2017 will forever be known as the year that the smart home started to take off. Researchers estimate that Amazon has sold over 15 million Echo devices to date. Plus, Google has sold another 5 million Google Homes. The overall smart home market is expected to grow to over $50 billion by 2022. Already 1 in 4 U.S. households has some kind of smart device in their home. With all the smart thermostats, smart fridges, smart light bulbs, smart doors and windows, personal assistants, and smart home surveillance, internet-connected home devices are rapidly stacking up in U.S. households. These devices are adding convenience and efficiency, but are they safe?
In this realm it seems that the technology has gone quickly beyond our ability to secure it. At this year’s DefCon, a security-focused industry event, 16 Bluetooth-based smart door locks were tested and 75% were easily hacked in real time during a presentation at the event. Fast forward to the near future where many devices within the home are connected and two very real problems arise. 1) Criminals taking over smart home technology to break in to my house and 2) Criminals using smart home technology to profile my daily behaviors and routines for future nefarious use.
Enter the service provider, where 75% of connected home services are sold and managed. U.S. service providers have stepped into this burgeoning market and begun to re-tool their sales forces and technological capabilities to help consumers set up these complex systems. The U.S. leads this market in smart home penetration, followed by Japan, Germany, China and U.K. Service providers understand that scaling and automating these home networks is key to providing the true value that they represent to consumers. Instead of integrated vendor islands of thermostats, locks and home surveillance cameras, service providers have the capabilities and the capital to create a more complete and seamless experience for the consumer where all devices can work together and are accessed through the same consumer portal for a “single pane of glass” experience.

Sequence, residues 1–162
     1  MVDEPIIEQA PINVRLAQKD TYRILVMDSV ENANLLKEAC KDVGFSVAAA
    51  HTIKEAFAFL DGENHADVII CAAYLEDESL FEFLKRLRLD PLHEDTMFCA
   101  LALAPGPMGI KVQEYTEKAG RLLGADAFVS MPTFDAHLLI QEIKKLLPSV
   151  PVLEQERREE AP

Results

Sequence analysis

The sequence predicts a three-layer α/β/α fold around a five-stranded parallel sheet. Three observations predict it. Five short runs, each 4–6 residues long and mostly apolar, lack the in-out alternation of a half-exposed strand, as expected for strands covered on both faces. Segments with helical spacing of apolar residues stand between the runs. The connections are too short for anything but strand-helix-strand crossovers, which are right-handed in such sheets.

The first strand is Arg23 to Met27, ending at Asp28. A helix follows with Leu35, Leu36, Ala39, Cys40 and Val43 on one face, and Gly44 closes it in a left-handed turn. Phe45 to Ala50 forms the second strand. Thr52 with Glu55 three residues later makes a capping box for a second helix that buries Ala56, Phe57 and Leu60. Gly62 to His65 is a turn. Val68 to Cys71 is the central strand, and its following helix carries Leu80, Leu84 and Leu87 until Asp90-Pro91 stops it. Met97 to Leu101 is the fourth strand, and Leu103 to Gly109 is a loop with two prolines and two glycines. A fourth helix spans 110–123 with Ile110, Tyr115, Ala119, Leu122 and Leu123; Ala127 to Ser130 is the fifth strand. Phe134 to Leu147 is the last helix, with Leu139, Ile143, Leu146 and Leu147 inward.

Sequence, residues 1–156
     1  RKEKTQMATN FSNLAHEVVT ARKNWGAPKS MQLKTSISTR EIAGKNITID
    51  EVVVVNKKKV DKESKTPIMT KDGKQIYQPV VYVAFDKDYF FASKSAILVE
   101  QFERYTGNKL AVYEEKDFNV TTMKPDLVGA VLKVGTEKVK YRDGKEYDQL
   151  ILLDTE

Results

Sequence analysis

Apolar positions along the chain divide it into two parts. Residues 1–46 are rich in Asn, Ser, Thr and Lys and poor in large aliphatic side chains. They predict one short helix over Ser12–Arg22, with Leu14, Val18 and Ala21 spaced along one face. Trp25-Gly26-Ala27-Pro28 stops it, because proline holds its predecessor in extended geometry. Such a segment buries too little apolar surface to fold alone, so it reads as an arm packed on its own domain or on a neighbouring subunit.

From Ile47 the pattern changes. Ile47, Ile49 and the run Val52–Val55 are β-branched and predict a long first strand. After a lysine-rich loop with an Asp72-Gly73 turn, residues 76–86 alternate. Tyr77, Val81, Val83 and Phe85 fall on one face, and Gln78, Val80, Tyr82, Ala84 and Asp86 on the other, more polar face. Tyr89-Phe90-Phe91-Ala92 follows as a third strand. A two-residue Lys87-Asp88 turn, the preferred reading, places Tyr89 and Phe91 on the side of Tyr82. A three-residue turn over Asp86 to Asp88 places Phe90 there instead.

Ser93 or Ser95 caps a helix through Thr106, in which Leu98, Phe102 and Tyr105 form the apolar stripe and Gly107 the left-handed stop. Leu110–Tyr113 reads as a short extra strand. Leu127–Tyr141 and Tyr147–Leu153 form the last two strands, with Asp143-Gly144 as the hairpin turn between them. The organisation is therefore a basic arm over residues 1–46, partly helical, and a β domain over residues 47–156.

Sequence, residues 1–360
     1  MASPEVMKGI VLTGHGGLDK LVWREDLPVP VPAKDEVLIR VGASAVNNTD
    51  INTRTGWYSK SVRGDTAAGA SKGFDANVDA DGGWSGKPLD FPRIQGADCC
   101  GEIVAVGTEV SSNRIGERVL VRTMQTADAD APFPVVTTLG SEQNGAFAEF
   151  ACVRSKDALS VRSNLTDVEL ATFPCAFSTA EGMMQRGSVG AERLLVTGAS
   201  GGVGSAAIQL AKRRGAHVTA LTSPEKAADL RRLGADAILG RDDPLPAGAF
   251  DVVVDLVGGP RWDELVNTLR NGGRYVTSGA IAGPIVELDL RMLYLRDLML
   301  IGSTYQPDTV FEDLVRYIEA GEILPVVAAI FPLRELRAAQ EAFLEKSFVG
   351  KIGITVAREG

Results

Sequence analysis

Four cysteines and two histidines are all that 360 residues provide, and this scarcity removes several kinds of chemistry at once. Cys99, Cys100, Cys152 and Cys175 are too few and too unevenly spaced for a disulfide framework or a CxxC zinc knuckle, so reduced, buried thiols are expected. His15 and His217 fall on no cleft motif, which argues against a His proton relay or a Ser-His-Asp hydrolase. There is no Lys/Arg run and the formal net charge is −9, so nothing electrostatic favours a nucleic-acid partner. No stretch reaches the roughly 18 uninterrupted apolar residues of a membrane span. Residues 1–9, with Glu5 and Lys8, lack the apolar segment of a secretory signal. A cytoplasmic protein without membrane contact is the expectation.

But how to secure it? Service providers need to make the additional investments to protect the control plane of these devices to prevent bad actors from controlling locks and windows. Just as service providers have seen in their core businesses, failure to do so can result in application attacks which at best reduce the performance of the network and at worst can result in outages and debilitated service for the consumers. Add that to that the fact that criminals have a new data source to mine for daily patterns of the consumer that service providers need to protect. Without additional protection on the application data itself, criminals could gather valuable information about your daily habits in the home. What time do you get up in the morning? When do you leave for work? When do you get home? What time do the kids watch TV after school? When are you typically in the shower? What time do you eat? When do you typically go to bed? You get the idea. Service providers are well positioned to protect the consumer and offer the value of smart home services without the risks. U.S. service providers need to act first to capitalize on this opportunity, but the service providers in developed Europe and Asia need to be right behind and prepare for the consumers in their markets. Radware has tools available, like an online calculator, to demonstrate the ROI for service providers to become managed security service providers. It’s time to prepare before bad actors know when I shower every day.
Read “Cyber Economics: Validating DDoS Managed Service Delivery Models” to learn more.
Mike O’Malley brings 20 years of experience in strategy, product and business development, marketing, M&A and executive management to Radware. Currently, Mr. O’Malley is the Vice President of Carrier Strategy and Business Development for Radware. In this role, he is responsible for leading strategic initiatives for wireless, wireline and cloud service providers. Mr. O’Malley has extensive experience developing innovative products and strategies in technology businesses including security, cloud and wireless. Prior to Radware, Mr. O’Malley held various executive management positions leading growing business units at Tellabs, VASCO and Ericsson. Mr. O’Malley holds a Master of Business Administration degree, a Master of Science in electrical engineering, and a Bachelor of Science in electrical engineering from the University of Illinois. He also is a graduate of the Executive Strategy Programs at the University of Chicago.